Faculty Fellows

Richard J. Light

Faculty Fellow of the Bok Center
Carl H. Pforzheimer, Jr. Professor of Teaching and Learning
Harvard Graduate School of Education
Richard Light

Richard Light is the Carl H. Pforzheimer Jr. Professor of Teaching and Learning at the Harvard Graduate School of Education (HGSE). His Ph.D. is in statistics from Harvard, and after years of teaching statistics at HGSE he currently focuses on higher education policies and controversies. Light has been asked by four Harvard presidents over the past twenty years to explore ways to improve the undergraduate experience both at Harvard and also for a diverse group of other, quite different colleges. To accomplish this he created the Harvard Assessment Seminars, a consortium of leaders from 25 colleges and universities, with the common goal to carry out research on enhancing college effectiveness.  One of Richard Light’s special interests is to work on strengthening the connections between high schools and success for students as they start colleges that are demanding.

Light is author of Making the Most of College: Students Speak Their Minds (2001). This book won The Stone Award for best book on education and society. It has become one of the three best selling books in the 98-year history of the Harvard University Press. He is coauthor of Summing Up: The Science of Reviewing Research with David Pillemer, 1984); and he is co-author of By Design: Planning Research on Higher Education (with Judith Singer and John Willett, 1990), both published by Harvard Univ. Press.  He has been Chairman of the Panel on Youth for the National Academy of Sciences, elected President of the American Evaluation Association, and has served as a member of the National Boards of the U. S. Government Accountability Office and the Fund for the Improvement of Postsecondary Education. Light is an elected Fellow of the American Academy of Arts and Sciences and of The National Academy of Education. Light has won the Paul Lazarsfeld Award for distinguished contributions to science, and has been named by Vanderbilt University’s Chancellor’s Lecture Series as one of America’s great teachers.

Bok Project:
Richard Light is collaborating with the Bok Educational Research and Evaluation group to host the first Annual Summit on Educational Excellence. The theme for this first summit being held in the fall of 2017 is “Challenges of Academic Inclusion.”  The Summit will be a gathering of university leaders from around the country who will come together to discuss challenges and best practices around this crucially important area of interest.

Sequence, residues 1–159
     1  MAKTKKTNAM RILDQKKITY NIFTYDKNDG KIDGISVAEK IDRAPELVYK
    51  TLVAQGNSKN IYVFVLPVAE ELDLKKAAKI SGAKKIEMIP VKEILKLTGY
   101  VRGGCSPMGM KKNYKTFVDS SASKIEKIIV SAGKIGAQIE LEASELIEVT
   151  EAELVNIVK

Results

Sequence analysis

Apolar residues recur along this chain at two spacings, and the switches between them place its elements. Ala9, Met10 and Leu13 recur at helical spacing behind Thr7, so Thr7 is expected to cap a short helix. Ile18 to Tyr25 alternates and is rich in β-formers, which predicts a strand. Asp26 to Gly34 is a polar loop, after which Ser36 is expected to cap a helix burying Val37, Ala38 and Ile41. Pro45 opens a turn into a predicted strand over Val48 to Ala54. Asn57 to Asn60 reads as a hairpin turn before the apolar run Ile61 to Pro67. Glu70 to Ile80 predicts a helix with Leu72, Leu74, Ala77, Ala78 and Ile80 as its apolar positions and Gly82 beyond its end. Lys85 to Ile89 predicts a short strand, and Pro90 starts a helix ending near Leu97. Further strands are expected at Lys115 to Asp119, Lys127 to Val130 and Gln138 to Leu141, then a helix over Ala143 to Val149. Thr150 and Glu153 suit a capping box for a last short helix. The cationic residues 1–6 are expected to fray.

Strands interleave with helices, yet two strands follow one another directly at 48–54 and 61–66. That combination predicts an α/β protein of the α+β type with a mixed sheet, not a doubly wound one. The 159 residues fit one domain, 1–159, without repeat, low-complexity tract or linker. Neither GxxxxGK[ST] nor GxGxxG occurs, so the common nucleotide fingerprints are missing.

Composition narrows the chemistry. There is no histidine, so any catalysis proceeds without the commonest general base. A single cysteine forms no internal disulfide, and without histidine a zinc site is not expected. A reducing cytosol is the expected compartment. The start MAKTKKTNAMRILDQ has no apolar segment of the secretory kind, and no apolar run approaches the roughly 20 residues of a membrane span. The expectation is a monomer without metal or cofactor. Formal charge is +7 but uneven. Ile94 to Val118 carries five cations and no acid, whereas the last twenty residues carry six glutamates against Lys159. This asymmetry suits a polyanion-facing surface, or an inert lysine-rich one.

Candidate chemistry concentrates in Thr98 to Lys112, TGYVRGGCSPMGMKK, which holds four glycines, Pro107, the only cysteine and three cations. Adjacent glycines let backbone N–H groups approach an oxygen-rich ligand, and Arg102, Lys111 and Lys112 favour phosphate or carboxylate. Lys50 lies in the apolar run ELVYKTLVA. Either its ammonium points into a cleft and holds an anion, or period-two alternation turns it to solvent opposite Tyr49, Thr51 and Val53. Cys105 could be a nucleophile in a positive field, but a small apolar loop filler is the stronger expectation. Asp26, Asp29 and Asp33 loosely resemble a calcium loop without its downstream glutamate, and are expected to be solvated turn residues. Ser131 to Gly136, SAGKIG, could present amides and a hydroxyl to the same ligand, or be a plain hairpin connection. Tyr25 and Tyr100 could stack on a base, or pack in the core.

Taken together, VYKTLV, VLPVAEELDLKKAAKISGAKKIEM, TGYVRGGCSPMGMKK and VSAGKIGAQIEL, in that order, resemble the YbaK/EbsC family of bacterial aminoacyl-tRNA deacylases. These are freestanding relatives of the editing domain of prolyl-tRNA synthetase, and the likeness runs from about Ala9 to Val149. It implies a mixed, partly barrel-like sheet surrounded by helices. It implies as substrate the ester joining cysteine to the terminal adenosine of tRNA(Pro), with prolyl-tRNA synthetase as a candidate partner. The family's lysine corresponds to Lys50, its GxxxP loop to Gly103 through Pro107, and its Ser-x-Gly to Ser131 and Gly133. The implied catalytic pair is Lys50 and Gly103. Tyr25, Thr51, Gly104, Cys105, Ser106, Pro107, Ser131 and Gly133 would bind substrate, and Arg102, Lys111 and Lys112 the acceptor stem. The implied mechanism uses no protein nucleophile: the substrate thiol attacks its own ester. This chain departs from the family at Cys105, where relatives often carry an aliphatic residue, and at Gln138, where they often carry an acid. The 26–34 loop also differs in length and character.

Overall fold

Elisa New

Faculty Fellow of the Bok Center
Powell M. Cabot Professor of American Literature
Elisa New

Elisa New is the Powell M. Cabot Professor of American Literature at Harvard University where she teaches classic American literature from Anne Bradstreet through Marilynne Robinson and from the Puritans to the present day. She is the Creator and Host of Poetry in America, and the Director of Verse Video Education. She is the author of New England Beyond Criticism: In Defense of America’s First Literature (Wiley Blackwell, 2014) The Regenerate Lyric: Theology and Innovation in American Poetry (Cambridge University Press, 1992) The Lines Eye: Poetic Experience, American Sight (Harvard University Press, 1999) and Jacob’s Cane: A Jewish Family’s Journey from the Four Lands of Lithuania to the Ports of London and Baltimore (2009). She also has a companion book to the Poetry in America project, How To Read American Poetry (2017-18), forthcoming from Wiley Blackwell.

Bok Project:

Elisa New is collaborating with the Bok Center’s Learning Lab team on the Harvard Arts and Humanities Public Partnerships Initiative (HAHPPI). HAHPPI is a multiyear initiative to bring groups of Harvard students, faculty, professionals, and alumnae together in the work of conceiving, producing, testing, and disseminating the highest quality humanities content suitable for a broad public. Using digital tools to translate, transmit and expand the reach of humanities content, while, at the same time, deploying classic modes of humanistic inquiry to enrich and deepen digital instruction, participants in HAHPPI will take their place at the forefront of socially engaged humanities instruction.

The mission of HAHPPI is to provide practical, usable, affordable knowledge for a wide range of learners-- including teachers and students in U.S. schools and abroad, medical professionals, lifelong learners, English language learners, and television audiences. By providing resources for innovation, by organizing and supporting interdisciplinary partnerships, and by encouraging the development of new modes of pedagogy, scholarship and outreach in all those it supports, HAHPPI at the Bok Center will provide fresh perspective, and new purpose, to humanists across the university.

The inaugural 2016-2017 year of the initiative will see the launch of two flagship projects, the Humanities Online Practicum (HOP) and Poetry in America for Teachers.

 

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